MANILA - Philippine annual inflation accelerated to near three-year highs in July, raising expectations of a further interest rate hike as early as in September - a prospect reinforced by the central bank governor's comments after Tuesday's data.
Governor Amando Tetangco warned that the central bank will not shy away from further policy tightening steps to curb pricing pressures, after headline inflation picked up more than expected in July to 4.9 percent on-year. It was the highest rate since October 2011.
"Even as we have already taken a series of policy actions to address liquidity growth and its attendant financial stability risks and to temper inflation expectations, we will not hesitate to use any of our tools to help guide market to keep inflation within the target range over the policy horizon," Tetangco told reporters in a mobile phone message.
Higher food prices were behind the uptick in the consumer price index, topping analysts' expectations for a 4.5 percent rise, and raising the chance the central bank's main policy rate could be raised again at its next meeting on Sept. 11.
In response to the growing risk of further tightening, the Philippine peso hit a session high of 43.57 against the dollar after the data.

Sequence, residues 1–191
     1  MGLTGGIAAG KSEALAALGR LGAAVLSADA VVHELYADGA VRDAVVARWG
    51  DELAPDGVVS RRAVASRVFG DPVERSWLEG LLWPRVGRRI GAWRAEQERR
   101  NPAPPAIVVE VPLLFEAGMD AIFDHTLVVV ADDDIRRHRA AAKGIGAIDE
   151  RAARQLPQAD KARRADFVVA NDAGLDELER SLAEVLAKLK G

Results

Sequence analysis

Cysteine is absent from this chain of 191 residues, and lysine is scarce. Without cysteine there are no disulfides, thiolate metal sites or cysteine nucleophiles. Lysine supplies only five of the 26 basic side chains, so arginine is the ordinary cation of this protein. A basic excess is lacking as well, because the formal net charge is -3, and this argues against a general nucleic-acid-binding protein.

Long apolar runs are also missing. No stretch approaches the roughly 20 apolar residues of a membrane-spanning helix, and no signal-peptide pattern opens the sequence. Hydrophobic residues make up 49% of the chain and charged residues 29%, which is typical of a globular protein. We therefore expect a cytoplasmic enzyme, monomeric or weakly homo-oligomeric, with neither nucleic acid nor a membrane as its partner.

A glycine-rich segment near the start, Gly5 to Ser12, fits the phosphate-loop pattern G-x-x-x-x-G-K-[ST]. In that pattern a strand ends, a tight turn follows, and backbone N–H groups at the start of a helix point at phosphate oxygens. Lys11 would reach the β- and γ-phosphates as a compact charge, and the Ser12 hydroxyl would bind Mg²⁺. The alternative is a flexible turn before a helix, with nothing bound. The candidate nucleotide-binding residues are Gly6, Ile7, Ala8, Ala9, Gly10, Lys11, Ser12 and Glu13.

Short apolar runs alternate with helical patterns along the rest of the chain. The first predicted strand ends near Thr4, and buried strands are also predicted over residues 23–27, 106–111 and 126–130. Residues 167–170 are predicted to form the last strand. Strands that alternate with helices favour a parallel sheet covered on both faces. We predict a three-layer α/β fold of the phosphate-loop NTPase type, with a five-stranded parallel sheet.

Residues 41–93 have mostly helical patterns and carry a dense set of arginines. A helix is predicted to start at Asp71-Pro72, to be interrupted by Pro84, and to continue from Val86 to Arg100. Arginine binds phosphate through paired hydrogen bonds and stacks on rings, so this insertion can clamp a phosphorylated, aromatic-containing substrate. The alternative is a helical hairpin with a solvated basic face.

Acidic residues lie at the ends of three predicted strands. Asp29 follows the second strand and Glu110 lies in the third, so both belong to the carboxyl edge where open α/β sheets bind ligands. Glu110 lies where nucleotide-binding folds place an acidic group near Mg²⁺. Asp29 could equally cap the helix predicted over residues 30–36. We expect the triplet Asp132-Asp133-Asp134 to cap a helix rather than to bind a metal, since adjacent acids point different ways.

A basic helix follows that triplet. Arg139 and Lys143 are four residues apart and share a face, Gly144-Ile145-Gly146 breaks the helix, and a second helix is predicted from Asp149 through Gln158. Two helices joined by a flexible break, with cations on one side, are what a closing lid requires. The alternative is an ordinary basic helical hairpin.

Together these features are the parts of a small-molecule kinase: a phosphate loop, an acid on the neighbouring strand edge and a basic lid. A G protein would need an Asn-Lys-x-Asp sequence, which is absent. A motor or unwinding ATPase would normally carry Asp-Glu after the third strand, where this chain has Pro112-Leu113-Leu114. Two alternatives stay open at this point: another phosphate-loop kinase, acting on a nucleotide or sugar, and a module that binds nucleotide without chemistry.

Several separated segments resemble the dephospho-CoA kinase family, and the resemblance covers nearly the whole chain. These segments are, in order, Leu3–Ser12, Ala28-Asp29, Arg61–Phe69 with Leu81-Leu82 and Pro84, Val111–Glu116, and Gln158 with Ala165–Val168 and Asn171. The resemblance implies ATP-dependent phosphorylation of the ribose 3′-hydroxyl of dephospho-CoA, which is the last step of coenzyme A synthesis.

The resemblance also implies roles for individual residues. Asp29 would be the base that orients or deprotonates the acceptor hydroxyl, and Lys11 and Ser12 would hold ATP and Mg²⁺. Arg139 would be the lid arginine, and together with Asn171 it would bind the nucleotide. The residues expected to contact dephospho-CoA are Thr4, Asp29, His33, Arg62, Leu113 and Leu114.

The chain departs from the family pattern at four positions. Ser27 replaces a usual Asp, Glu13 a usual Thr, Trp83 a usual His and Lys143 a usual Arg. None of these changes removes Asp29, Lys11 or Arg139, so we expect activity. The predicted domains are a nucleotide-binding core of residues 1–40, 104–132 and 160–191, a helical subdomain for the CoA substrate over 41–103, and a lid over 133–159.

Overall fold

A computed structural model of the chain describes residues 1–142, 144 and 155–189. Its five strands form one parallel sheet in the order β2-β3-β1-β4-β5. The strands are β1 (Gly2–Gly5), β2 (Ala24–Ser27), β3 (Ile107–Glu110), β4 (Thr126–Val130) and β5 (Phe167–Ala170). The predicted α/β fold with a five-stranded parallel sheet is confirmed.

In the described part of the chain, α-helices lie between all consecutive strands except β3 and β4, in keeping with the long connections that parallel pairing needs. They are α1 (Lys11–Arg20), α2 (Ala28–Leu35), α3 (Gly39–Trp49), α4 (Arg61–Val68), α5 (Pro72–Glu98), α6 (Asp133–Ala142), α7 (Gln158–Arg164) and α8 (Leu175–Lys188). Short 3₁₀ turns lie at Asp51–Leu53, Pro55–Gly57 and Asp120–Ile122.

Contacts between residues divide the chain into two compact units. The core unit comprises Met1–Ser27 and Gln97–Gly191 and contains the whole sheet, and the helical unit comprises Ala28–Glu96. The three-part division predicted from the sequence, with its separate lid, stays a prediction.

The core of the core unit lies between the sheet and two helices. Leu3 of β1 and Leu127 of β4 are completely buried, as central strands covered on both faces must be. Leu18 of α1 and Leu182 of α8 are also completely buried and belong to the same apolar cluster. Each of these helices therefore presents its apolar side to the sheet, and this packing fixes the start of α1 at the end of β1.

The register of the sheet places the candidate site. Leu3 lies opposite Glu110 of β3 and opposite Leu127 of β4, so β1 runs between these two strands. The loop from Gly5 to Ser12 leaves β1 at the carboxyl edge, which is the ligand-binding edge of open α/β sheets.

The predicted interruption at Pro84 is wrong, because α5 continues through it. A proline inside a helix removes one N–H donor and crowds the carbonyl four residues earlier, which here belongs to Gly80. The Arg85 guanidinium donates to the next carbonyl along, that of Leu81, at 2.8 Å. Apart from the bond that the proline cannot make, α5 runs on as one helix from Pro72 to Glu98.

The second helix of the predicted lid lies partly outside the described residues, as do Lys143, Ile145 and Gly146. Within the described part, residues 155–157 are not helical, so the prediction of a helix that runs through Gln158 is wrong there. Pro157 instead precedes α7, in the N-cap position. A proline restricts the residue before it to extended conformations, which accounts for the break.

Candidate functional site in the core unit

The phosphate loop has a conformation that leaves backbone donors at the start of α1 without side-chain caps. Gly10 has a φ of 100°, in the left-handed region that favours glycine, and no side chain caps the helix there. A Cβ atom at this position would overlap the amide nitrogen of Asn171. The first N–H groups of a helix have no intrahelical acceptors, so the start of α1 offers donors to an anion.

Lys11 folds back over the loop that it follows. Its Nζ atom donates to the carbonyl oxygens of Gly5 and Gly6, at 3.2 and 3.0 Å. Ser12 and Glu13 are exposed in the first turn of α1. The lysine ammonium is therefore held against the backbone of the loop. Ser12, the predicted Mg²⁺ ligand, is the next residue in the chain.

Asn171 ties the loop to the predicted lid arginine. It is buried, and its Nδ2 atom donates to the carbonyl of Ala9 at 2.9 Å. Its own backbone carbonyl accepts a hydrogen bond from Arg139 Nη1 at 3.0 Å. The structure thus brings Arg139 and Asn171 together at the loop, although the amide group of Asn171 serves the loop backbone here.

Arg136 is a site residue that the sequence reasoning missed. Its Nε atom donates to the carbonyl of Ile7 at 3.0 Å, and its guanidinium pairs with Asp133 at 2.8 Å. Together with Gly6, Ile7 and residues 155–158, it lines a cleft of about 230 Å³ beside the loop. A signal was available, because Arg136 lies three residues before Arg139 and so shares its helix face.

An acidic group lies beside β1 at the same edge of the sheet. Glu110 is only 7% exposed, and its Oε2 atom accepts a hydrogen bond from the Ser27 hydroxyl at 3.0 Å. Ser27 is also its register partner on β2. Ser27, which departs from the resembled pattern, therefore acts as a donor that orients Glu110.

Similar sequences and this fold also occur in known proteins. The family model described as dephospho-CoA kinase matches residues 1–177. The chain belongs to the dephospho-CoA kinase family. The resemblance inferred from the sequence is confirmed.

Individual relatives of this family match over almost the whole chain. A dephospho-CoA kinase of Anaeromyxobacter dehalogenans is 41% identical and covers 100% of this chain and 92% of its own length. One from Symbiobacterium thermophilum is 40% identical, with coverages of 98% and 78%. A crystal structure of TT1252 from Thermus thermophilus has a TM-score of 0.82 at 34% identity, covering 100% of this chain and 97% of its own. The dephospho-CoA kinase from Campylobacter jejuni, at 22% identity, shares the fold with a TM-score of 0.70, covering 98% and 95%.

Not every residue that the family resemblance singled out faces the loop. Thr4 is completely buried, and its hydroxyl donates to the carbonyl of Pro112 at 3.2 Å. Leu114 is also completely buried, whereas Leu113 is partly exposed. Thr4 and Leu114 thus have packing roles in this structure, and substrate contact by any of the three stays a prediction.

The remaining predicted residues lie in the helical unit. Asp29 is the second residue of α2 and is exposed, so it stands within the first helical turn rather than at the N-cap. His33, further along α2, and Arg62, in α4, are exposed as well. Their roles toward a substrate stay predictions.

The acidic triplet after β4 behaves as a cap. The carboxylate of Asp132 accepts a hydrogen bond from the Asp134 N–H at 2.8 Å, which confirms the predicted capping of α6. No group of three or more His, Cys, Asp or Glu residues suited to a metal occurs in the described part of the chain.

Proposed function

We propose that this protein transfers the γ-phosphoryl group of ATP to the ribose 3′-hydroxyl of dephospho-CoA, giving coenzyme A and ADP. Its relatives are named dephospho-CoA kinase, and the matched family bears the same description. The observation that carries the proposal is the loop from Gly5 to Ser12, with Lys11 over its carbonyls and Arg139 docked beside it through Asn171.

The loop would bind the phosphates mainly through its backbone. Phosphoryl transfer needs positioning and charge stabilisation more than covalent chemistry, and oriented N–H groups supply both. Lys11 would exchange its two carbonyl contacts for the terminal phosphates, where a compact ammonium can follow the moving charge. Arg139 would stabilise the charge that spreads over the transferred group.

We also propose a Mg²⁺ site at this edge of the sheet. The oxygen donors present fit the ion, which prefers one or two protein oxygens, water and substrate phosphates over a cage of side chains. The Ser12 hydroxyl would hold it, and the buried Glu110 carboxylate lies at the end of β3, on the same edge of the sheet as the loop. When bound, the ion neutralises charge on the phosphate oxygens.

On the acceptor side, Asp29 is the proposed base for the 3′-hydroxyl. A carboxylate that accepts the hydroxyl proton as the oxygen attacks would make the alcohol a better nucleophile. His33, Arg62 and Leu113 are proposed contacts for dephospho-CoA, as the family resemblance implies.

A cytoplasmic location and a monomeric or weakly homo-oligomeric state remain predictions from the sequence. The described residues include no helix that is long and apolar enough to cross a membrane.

Last week, Bangko Sentral ng Pilipinas raised its main overnight borrowing rate by 25 basis points to 3.75 for the first time in three years, aimed at taming price pressures as they threatened to top next year's inflation target.
The rate increase was the central bank's fourth and most aggressive move against inflation in as many meetings, and analysts expect further tightening ahead to anchor inflation expectations.
"We expect further tightening by the BSP. Not only do we think the central bank will raise the key policy rate one more time in the next meeting, we are also pencilling further adjustment in the SDA rates," said Gundy Cahyadi, economist at DBS in Singapore.
The consensus from a Reuters quarterly poll in July was for the central bank to raise the main policy by another quarter percentage point to 4.0 percent before the end of the year.
Bernard Aw, economist at Forecast Pte in Singapore said second quarter gross domestic product data, due on August 28, will be a crucial piece of data to watch in the run-up to the September policy meeting as the central bank will likely want to assess the impact of further rate hikes on growth.
The Philippine economy grew by a disappointing 5.7 percent in the first quarter, way below the government's 6.5 to 7.5 percent target for the year, hurt by the impact of last year's super typhoon.
The latest data brought average inflation in the seven months to July to 4.3 percent, government data showed, above the mid-point of the central bank's 3 to 5 percent target this year and outside its 2 to 4 percent target in 2015.
Prices of food and non-alcoholic drinks rose 8.2 percent in July from a year earlier, the biggest increase since April 2009. Food prices alone saw their biggest rise in more than five years at 8.7 percent. Food accounts for 39 percent of the consumer price basket.
The central bank expects average 2014 inflation of 4.33 percent against 4.4 percent previously, and 3.72 percent in 2015 versus 3.65 percent. Next year's forecast takes into account higher food prices, short-term volatility in global oil costs and pending increase sin power rates and transport fares.